Differences between cases and controls for each studied variable are shown in [Table 6], [Table 7], [Table 8], [Table 9], [Table 10], [Table 11]. When all investigated skin reactions (SJS, TEN, ED, EM, and scaly rash) were grouped [Table 6], alcohol-related mental and behavioral disorders were statistically significantly more common among cases than controls (34.5%, n = 48 vs 8.7%, n = 77; odds ratio (OR)=5.5 [95% confidence interval (CI) 3.6-8.4], P = 3.14 × 10 -14 ), as was the disease group substance/alcohol abuse (37.4%, n = 52 vs 9.8%, n = 87; OR = 5.5 [3.7-8.3], P = 5.99 × 10 -15 ). Mean time to onset was shorter among cases than controls (67 vs 127 days). The same pattern was evident for SJS [Table 7] and EM [Table 10] individually, although time to onset was not significantly different from the control group in the latter case. No statistically significant differences were seen for TEN [Table 8], ED [Table 9] and scaly rash [Table 11] individually, although for the latter, ORs similar to those for SJS and EM were seen regarding alcohol-related mental and behavioral disorders. For all of the 48 cases with any of the investigated skin reactions and who were classified with the ICD-10 code alcohol-related mental and behavioral disorders, as well as for the corresponding 77 controls, this ICD-10 classification had been made due to alcoholism. According to the information contained within the 48 reports, the indication for treatment with carbamazepine for 40 was alcoholism. The precise condition was not always stated but alcohol withdrawal was commonly described. In Sweden, alcohol withdrawal is the only approved indication related to alcoholism for carbamazepine.  The indications for treatment among the remaining eight were Wernicke-Korsakoff syndrome in one case, epilepsy in four, and unspecified convulsions in three. Concomitant substance abuse was mentioned in the case narratives for 4 of the 48 cases (1 each of amphetamine and morphine, and 2 of unspecified drugs).
|Table 6: Differences in patient demographics, daily dose of carbamazepine, time to onset of adverse reaction, medical history and concomitant drug treatment between cases and controls-all investigated skin reactions (Stevens-Johnson syndrome, toxic epidermal necrolysis, exfoliative dermatitis, erythema multiforme and scaly rash). Drugs/drug groups are defined by their ATC-codes. Individual diseases are classified according to ICD-10|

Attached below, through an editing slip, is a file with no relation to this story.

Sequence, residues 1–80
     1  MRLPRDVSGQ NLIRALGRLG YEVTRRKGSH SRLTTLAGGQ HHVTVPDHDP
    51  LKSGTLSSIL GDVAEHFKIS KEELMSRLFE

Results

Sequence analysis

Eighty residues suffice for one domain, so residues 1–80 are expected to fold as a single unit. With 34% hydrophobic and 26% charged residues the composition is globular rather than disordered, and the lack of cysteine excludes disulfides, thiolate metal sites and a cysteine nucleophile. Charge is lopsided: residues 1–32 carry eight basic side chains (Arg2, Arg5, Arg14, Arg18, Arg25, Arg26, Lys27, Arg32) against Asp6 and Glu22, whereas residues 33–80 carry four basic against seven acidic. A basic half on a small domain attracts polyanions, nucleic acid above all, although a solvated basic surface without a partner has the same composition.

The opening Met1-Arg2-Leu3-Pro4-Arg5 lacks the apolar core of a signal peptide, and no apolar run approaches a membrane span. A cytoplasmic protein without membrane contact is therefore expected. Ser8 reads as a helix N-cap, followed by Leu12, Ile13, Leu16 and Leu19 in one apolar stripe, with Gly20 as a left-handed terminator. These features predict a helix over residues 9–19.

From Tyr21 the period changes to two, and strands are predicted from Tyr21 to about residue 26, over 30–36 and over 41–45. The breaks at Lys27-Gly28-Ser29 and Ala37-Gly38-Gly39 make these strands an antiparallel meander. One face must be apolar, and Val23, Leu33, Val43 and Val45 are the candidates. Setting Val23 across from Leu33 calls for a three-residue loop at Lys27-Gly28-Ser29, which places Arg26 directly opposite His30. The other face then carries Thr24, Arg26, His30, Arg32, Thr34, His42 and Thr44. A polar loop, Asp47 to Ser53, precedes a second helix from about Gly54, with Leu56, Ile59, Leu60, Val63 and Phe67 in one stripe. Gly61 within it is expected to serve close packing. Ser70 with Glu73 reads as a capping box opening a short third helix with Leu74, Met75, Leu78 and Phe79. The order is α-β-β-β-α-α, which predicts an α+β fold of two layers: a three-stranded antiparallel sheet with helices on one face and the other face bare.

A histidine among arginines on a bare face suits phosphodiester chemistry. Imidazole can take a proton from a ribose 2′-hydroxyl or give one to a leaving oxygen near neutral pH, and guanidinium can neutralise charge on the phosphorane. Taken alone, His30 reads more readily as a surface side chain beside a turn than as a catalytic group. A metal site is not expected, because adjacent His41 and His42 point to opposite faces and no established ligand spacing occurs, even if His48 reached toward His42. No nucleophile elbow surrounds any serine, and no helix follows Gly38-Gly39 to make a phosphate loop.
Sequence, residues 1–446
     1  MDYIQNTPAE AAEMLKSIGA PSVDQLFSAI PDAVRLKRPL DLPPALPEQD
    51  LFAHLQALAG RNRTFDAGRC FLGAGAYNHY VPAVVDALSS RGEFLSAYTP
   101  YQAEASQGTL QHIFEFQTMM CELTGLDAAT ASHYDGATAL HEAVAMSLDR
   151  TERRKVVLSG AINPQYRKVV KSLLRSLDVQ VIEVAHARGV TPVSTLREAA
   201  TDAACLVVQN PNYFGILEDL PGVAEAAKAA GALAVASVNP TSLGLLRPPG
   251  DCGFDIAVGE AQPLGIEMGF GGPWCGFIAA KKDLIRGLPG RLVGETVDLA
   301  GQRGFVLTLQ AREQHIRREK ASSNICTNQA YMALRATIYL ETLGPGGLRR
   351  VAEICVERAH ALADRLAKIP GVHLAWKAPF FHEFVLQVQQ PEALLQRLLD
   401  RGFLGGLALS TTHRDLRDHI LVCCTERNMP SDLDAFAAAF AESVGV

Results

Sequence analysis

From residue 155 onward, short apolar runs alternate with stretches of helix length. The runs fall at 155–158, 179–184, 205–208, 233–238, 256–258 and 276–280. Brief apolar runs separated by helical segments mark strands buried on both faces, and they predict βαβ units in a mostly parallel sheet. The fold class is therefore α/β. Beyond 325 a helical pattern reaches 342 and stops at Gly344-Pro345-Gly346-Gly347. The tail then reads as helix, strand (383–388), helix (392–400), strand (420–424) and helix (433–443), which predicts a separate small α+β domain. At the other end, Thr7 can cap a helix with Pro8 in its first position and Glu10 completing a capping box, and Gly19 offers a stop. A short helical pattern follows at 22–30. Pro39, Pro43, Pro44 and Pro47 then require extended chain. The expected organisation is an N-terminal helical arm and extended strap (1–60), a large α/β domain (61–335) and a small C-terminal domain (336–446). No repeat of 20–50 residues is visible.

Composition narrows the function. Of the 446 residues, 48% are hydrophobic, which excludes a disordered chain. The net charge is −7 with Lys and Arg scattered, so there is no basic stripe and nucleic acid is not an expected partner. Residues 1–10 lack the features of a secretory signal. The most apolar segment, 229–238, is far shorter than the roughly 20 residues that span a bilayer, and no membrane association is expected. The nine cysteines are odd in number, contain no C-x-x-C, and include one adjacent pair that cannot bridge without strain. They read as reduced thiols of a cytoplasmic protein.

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|Table 7: Differences in patient demographics, daily dose of carbamazepine, time to onset of the adverse reaction, medical history and concomitant drug treatment between cases and controls- Stevens-Johnson syndrome. Toxic epidermal necrolysis, exfoliative dermatitis, erythema multiforme and scaly rash are excluded. Drugs/drug groups are defined by their ATC-codes. Individual diseases are classified according to ICD-10|
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|Table 8: Differences in patient demographics, daily dose of carbamazepine, time to onset of the adverse reaction, medical history and concomitant drug treatment between cases and controls-toxic epidermal necrolysis. Stevens-Johnson syndrome, exfoliative dermatitis, erythema multiforme, and exfoliative rash are excluded. Drugs/drug groups are defined by their ATC-codes. Individual diseases are classified according to ICD-10|
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|Table 9: Differences in patient demographics, daily dose of carbamazepine, time to onset of the adverse reaction, medical history and concomitant drug treatment between cases and controls-exfoliative dermatitis. Stevens-Johnson syndrome, toxic epidermal necrolysis, erythema multiforme and exfoliative rash are excluded. Drugs/drug groups are defined by their ATC-codes. Individual diseases are classified according to ICD-10|
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|Table 10: Differences in patient demographics, daily dose of carbamazepine, time to onset of the adverse reaction, medical history and concomitant drug treatment between cases and controls-erythema multiforme. Stevens-Johnson syndrome, toxic epidermal necrolysis, exfoliative dermatitis and exfoliative rash are excluded. Drugs/drug groups are defined by their ATC-codes. Individual diseases are classified according to ICD-10|